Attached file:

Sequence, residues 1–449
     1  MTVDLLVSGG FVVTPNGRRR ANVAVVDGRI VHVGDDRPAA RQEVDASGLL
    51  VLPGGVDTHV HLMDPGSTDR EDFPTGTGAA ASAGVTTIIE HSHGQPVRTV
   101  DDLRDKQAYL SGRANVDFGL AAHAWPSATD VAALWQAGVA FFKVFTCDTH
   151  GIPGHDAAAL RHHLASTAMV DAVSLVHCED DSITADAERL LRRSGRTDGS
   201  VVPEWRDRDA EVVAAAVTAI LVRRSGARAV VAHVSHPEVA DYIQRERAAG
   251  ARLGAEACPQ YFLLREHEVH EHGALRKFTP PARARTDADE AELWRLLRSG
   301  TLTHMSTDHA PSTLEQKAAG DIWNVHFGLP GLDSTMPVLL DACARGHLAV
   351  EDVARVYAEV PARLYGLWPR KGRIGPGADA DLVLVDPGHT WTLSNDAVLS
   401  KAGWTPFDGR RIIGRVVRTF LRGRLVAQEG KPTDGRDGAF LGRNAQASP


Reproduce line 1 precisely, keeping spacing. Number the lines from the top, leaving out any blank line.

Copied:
Sequence, residues 1–449